Music has been around for so long that no one can even put a date on when it was first played or name the first person to play music. Mostly, this is due to the fact that music was composed long before it was written.

What we do know is that music influences our lives on a daily basis. It would seem that some form of composition is playing at random points throughout the day via many different means. Back when music was first composed; right up to 1979 music was only available via radio, live, or some form of music player. You wasn’t able to walk down the street listening to your favourite tunes, but that all changed in 1979.

The Sony Walkman


Portable music players are so affordable and readily available today that it’s hard to remember when they were luxury items. But when the blue and silver Walkman debuted in 1979, no one had ever seen anything quite like it. The Walkman virtually invented the concept of “personal electronics.”

The first Walkman (also branded as the Stowaway, the Soundabout, and the Freestyle before the current name) featured a cassette player and the world’s first lightweight headphones. Apparently fearful that consumer’s would consider the Walkman too antisocial; Sony built the first units with two headphone jacks so you could share music with a friend. Sony later dropped this feature. Now, more than 25 years later, nobody wonders why you’re walking down the street with headphones on, it is in fact second nature and considered to be a part of modern society.

The Portable CD player



Sony once again was the pioneers in making portable gadgets when in 1982 they released a portable CD player 1 year after CD’s had come onto the market. Unfortunately, the first release of Portable CD players had problems with skipping so the product didn’t fly off the shelves’ as expected. It took 11 years for a solution to be found that would rectify the skipping problem and in 1993 a better version of this portable gadget was released.


The MiniDisk


Yes do you remember the minidisk? For those that don’t it was released in 1992 by no other than Sony. The mini disk was a compact digital disk that played up to 80 mins of music via a compact player. Sony’s idea was for the mini disk to replace the Walkman but MiniDisc was met with limited success. It was relatively popular in Japan during the 1990’s but didn’t have an impact on the rest of the world.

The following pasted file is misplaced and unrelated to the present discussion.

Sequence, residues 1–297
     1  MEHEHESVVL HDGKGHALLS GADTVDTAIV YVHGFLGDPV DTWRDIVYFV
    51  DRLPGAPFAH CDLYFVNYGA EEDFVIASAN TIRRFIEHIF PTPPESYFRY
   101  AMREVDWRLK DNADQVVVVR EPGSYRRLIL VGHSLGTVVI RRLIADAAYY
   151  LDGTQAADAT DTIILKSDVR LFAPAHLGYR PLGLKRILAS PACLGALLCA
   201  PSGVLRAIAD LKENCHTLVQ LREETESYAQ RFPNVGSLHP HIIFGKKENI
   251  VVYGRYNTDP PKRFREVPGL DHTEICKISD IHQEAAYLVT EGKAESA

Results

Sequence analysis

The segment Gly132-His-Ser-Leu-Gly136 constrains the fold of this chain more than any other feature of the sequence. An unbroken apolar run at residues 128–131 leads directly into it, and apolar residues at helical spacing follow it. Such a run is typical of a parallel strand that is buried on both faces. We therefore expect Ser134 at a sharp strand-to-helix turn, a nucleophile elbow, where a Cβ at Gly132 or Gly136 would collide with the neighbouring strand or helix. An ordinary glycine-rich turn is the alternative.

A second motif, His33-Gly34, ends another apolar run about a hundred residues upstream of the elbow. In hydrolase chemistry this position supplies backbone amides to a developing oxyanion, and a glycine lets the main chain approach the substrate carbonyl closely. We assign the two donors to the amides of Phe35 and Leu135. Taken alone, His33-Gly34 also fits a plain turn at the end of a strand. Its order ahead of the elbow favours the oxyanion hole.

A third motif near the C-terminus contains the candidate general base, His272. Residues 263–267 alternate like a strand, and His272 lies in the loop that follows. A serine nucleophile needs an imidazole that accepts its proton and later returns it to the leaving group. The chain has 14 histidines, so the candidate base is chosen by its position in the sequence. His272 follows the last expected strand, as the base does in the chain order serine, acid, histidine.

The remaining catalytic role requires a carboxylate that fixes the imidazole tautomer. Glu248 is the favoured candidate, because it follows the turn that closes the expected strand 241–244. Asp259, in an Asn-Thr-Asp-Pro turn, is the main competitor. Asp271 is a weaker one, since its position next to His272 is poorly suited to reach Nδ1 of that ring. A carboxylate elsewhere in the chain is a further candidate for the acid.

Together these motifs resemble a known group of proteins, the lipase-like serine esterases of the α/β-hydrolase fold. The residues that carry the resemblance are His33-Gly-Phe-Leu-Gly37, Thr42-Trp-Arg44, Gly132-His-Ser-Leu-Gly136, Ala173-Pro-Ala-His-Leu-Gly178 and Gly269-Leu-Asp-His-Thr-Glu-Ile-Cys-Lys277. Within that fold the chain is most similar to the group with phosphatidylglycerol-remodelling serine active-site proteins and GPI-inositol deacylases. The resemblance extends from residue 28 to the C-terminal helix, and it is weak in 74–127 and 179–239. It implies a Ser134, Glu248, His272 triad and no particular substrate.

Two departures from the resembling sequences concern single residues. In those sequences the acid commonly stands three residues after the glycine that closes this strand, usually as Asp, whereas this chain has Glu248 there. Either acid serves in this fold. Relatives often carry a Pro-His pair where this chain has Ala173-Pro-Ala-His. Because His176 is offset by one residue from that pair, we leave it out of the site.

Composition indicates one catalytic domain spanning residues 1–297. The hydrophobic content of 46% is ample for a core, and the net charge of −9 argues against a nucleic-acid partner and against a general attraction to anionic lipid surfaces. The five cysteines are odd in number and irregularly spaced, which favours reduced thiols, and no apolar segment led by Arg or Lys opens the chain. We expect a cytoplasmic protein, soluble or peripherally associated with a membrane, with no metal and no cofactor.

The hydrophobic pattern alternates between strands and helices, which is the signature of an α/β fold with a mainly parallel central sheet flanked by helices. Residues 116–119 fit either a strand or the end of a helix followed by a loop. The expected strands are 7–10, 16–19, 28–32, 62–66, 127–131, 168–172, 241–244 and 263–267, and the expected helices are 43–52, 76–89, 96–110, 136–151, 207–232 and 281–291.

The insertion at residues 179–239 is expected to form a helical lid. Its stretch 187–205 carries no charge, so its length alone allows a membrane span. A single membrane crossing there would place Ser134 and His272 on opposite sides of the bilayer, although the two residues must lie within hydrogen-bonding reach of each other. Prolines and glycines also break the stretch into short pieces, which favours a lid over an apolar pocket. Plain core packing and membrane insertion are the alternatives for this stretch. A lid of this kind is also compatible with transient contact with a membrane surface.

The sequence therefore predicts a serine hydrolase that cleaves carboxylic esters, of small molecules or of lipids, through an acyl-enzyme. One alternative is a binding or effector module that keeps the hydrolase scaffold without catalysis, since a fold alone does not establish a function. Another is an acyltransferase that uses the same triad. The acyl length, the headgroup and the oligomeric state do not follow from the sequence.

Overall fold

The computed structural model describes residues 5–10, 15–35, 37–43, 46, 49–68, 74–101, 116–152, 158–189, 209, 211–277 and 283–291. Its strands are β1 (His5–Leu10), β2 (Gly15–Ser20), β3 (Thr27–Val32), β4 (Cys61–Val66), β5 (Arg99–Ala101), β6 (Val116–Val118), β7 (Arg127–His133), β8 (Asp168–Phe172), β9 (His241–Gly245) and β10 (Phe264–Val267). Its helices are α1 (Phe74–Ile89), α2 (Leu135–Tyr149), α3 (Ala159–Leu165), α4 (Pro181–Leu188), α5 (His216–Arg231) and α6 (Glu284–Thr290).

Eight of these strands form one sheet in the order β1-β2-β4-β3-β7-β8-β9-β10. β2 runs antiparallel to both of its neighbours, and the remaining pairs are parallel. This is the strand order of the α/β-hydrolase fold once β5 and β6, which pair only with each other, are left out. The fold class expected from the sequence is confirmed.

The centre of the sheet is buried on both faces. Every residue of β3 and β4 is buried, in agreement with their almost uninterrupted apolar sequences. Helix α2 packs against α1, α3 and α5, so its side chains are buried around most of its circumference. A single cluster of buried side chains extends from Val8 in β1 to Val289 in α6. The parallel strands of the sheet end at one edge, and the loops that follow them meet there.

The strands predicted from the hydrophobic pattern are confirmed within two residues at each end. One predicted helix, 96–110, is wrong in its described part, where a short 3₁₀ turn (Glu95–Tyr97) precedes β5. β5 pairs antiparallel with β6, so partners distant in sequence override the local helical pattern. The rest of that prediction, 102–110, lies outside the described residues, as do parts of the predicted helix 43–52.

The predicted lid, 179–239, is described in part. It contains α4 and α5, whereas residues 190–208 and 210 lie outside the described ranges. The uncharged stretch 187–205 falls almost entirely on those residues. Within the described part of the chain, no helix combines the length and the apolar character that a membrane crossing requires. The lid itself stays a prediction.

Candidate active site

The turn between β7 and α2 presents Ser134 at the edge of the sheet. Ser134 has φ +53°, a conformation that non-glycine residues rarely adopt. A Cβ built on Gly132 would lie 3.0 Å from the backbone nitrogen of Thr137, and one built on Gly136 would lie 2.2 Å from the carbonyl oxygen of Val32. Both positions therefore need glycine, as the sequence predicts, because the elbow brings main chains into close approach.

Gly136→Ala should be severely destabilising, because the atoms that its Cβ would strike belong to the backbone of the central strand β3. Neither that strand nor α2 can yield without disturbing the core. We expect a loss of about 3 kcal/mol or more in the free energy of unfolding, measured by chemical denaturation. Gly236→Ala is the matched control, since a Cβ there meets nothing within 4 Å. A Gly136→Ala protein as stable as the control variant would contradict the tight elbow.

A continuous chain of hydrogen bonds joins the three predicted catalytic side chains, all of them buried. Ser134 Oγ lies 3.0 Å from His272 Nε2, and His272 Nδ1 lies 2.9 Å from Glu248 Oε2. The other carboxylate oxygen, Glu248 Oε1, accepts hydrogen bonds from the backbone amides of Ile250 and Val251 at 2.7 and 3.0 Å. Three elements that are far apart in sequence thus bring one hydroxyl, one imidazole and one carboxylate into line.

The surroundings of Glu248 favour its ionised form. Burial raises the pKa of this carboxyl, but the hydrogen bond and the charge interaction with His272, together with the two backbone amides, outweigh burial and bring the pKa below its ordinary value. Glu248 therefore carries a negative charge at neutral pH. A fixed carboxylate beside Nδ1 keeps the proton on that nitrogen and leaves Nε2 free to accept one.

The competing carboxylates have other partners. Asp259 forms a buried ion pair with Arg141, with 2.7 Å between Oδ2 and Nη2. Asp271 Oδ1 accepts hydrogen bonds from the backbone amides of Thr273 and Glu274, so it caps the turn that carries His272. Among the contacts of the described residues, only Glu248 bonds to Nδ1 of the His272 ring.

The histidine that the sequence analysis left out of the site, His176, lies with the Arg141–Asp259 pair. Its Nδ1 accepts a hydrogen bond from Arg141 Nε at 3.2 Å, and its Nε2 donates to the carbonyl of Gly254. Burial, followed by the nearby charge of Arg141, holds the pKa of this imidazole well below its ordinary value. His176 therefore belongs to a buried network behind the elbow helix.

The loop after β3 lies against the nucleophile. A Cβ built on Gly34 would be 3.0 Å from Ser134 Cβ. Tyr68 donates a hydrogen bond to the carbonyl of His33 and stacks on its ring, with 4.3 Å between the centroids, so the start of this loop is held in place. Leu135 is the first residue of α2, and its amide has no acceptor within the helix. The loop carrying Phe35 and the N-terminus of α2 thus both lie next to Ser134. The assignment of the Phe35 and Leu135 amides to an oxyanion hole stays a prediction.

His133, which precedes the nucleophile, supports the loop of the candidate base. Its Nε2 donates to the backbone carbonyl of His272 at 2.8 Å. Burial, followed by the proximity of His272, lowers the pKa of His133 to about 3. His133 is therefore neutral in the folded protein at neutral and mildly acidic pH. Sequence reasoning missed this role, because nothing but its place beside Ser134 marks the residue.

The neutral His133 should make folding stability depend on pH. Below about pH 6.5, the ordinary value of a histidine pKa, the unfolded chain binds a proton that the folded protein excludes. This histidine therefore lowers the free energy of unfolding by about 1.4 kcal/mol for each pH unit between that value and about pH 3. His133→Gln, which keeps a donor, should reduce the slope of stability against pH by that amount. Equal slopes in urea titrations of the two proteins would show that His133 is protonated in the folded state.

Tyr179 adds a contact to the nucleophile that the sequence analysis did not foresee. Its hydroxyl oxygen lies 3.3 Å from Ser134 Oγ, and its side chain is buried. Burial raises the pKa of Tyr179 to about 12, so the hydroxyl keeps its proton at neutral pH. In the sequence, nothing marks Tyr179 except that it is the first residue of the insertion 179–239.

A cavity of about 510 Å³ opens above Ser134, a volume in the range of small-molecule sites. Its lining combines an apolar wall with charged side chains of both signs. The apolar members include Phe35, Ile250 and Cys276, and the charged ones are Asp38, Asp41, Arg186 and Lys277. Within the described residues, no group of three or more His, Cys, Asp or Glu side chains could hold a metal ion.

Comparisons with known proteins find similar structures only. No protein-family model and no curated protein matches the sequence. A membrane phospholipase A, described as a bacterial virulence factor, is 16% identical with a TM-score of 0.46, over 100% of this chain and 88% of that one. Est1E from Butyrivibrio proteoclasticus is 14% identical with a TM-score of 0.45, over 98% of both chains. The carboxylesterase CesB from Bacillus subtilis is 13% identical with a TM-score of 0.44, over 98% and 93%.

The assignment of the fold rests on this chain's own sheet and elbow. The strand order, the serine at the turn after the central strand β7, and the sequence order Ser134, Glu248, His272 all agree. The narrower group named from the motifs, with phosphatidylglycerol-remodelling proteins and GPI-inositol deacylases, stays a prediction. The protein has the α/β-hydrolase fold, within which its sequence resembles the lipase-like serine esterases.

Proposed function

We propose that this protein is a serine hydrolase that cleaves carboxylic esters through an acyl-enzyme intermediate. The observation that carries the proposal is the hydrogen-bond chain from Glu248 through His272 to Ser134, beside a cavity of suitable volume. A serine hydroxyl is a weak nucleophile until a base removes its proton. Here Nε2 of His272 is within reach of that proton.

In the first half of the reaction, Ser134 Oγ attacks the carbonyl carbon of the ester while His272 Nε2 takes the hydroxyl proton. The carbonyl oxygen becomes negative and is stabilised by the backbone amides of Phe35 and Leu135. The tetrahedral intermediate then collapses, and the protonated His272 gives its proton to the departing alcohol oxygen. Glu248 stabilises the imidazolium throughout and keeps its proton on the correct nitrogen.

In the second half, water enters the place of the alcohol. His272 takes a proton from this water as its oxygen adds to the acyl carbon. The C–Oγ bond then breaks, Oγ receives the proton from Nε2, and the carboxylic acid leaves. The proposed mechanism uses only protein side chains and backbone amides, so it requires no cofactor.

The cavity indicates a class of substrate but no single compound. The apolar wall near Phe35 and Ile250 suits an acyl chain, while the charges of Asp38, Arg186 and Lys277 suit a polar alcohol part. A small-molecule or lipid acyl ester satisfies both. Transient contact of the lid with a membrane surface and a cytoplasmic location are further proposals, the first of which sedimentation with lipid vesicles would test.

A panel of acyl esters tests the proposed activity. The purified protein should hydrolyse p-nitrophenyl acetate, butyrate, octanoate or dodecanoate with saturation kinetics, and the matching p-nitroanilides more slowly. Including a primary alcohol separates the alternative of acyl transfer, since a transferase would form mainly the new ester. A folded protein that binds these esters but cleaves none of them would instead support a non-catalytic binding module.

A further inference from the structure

The MP3 Player

Mp3 player


The MP3 player is 15 years old. The first commercially released personal music player capable of handling MP3 files was the MPMan F10, manufactured by Korea’s Saehan Information Systems and launched in March 1998. The first MP3 player could only hold up to 32MB of storage which was enough for a handful  of songs and in 1998 nobody knew just what an impact this digital device would have on the whole music industry. Previously, people had to purchase music from their local music store in CD or Tape form but with the launch of digital music storage on MP3 players it opened the world to a new way of sharing and purchasing music especially once the internet became more available in households across the world.


The iPod



4 years after the first MP3 player was released Apple came along to steal the show with the release of their Apple iPod with bigger storage capabilities and longer battery life. The Apple iPod First Generation took the world by storm and with that, Apple opened the first digital music store iTunes where Artists could upload and sell their music to consumers across the world. These days’ iPods are so advanced you can watch movies on them, facetime friends and connect to all of your online networks whilst you listen to your favourite tunes. The release of the iPod brought an end to portable CD players and lowered the market value of MP3 players.


The Smart phone


These days you don’t need to have more than one device for all of your personal gadget needs! Smart phones are more than capable of storing thousands of songs on them so when you’re not busy on a call you can jam to your favourite tunes. Of course, the battery life even on Apple’s own Smart phone the iPhone doesn’t last as long as an iPod but it is more convenient having just one gadget to carry around with you.









W| By Katie Ryan               





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